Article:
Other stuff I have done to support this project:
  • I added removable light weight hooks and arms in a corner to support the fluid bags.
  • I have re-enforced a bunk with steel angle so that the cycler can rest on this and be strapped down whilst driving.
  • I've added CAPD drain out bags under a bunk, with a couple of valves, allowing waste to be collected here.  These are collapsable, so the space when empty can be used for fluid bags too.  The bags can be easily replaced and the valves allow the bags to be drained from outside the vehicle.
  • I fitted a ring on the floor and have a strap under the bunk, which secures the cycler for travelling.
Future plans:
I am working on improving efficiency.  The RV and fluid was cold during all sessions so far.  Perhaps heating the bags first in the wardrobe (over the heater) would mean less power used by the heater plate.  Plus there are other power savings I could make here and there (eg: pre-warm the fluid before it gets to the heater plate by passing it round a gas powered warmer, etc).
I am aiming for two or three sessions from one battery charge.   

Another planned item in my project will be to have a switch/relay to allow the engine battery/alternator to directly power the invertor.

Also, charging the battery from the alternator.  I don't believe that it would be possible to fully charge the Calcium battery from the alternator as a normal lead-acid battery charges at around 14V and a Calcuim battery requires 15.5V for a decent charge.  So the alternator could only be used to trickle charge the battery, which would never reach full capacity.  A voltage booster will therefore need to be installed to do this.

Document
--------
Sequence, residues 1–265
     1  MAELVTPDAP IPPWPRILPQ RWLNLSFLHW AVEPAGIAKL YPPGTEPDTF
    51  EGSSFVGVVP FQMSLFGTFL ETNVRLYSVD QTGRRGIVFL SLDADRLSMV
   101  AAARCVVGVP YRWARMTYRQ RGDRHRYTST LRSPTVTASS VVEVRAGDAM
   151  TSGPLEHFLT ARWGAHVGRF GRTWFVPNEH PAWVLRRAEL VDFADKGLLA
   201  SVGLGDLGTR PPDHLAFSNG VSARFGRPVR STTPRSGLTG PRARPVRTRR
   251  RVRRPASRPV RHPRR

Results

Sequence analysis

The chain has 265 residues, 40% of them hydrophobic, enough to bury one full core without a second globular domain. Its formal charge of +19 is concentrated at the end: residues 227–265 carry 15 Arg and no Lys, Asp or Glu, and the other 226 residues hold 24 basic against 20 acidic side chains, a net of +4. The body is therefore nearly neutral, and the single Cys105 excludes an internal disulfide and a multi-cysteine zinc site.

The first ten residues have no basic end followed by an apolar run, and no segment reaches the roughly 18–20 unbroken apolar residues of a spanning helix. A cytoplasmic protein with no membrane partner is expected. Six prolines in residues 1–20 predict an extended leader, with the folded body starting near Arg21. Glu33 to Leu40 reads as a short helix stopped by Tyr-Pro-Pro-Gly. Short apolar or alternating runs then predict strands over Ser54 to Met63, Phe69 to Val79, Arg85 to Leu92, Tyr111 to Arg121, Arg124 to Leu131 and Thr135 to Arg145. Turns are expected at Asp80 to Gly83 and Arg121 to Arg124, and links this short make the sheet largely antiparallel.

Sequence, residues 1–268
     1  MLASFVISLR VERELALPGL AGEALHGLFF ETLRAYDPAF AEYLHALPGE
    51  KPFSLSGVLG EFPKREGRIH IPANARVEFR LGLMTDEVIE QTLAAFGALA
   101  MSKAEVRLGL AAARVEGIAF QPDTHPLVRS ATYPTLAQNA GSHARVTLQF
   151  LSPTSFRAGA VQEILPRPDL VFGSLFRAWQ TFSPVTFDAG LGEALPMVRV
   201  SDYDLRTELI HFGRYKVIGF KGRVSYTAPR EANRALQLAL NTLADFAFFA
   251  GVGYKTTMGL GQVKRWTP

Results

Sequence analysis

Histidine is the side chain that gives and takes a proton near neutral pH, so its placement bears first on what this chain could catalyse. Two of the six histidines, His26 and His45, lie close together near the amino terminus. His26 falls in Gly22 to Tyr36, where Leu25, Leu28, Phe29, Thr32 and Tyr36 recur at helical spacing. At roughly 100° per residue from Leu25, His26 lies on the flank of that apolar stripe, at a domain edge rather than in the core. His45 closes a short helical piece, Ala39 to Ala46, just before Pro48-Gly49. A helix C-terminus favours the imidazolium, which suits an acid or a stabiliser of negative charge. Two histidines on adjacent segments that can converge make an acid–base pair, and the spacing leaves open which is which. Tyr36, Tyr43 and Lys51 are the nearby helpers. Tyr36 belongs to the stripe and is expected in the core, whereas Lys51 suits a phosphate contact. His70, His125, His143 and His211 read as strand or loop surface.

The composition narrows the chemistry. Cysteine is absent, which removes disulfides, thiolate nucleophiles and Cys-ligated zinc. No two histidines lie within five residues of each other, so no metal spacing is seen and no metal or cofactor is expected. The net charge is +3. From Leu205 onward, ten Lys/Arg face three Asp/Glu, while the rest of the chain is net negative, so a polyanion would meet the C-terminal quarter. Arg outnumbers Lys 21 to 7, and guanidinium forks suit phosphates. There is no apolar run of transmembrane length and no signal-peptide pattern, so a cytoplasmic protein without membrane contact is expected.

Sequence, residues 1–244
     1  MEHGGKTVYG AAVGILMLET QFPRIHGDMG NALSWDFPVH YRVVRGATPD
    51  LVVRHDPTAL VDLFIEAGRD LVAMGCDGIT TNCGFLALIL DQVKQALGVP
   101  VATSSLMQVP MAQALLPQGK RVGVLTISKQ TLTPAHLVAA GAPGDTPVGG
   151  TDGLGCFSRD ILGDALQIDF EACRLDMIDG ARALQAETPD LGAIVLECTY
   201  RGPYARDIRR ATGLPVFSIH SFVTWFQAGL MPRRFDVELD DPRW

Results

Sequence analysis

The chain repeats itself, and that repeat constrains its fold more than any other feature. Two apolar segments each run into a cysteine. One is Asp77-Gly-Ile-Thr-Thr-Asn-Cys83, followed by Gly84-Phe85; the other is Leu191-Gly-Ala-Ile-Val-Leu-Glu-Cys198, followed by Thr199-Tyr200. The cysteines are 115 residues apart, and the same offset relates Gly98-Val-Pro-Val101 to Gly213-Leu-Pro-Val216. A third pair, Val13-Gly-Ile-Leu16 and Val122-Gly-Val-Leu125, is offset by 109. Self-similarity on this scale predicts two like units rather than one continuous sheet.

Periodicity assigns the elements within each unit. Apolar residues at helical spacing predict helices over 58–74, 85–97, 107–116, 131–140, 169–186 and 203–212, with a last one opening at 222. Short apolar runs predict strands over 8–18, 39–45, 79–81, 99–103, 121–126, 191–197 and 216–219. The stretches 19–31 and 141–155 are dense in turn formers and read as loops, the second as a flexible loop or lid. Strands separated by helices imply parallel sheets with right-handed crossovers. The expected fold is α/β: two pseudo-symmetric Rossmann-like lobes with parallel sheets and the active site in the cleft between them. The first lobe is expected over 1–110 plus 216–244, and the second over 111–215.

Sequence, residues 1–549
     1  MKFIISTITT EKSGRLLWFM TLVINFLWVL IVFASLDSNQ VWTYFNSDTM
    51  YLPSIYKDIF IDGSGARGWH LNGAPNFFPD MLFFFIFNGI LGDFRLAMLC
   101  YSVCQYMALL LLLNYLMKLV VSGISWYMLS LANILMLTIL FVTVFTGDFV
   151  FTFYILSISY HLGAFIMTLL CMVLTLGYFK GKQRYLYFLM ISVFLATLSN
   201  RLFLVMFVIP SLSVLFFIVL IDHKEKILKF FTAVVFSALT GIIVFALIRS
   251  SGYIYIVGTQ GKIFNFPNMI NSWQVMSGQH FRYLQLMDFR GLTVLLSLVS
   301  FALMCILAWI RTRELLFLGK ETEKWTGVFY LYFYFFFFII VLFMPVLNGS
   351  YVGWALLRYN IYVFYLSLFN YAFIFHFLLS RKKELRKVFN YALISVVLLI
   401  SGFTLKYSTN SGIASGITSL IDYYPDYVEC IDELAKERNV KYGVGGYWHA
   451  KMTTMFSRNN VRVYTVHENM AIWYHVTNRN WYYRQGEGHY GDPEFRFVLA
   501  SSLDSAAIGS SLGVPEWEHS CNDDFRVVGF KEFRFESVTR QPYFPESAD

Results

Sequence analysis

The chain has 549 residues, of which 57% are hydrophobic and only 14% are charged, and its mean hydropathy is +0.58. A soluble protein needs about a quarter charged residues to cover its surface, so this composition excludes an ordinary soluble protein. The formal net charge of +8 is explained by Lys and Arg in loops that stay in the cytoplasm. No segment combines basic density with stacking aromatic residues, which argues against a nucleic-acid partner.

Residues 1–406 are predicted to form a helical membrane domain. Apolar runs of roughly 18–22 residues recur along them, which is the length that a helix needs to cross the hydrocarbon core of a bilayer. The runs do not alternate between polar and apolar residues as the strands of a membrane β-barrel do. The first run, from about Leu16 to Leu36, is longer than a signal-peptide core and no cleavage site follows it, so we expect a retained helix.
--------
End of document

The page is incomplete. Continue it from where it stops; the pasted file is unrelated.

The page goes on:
The wife doesn't know it yet, but my next project is mounting my 1980 Triumph T140ES Bonneville on the RV tow bar :-).

Jonathan
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us and fam easter 2013

« Reply #16 on: June 01, 2013, 07:53:09 PM »

oh my goodness JOnD!!  you are amazing!!  I think this is incredibly wonderful what you've done and your wife is tremendously lucky to have such an ingenious husband!!!!  How i would love to just jump in and GO!!  heck, we havent gone at all due to the gathering of supplies for a 3 day trip, we just figure D around it.  I think your great and appreciate your showing us IT CAN BE DONE!!  Wonderful job!!
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He started dialysis April 09
We thank God for every day we are blessed to have together.
november 2010, patiently (ha!) waiting our turn for NxStage training
January 14,2011 home with NxStage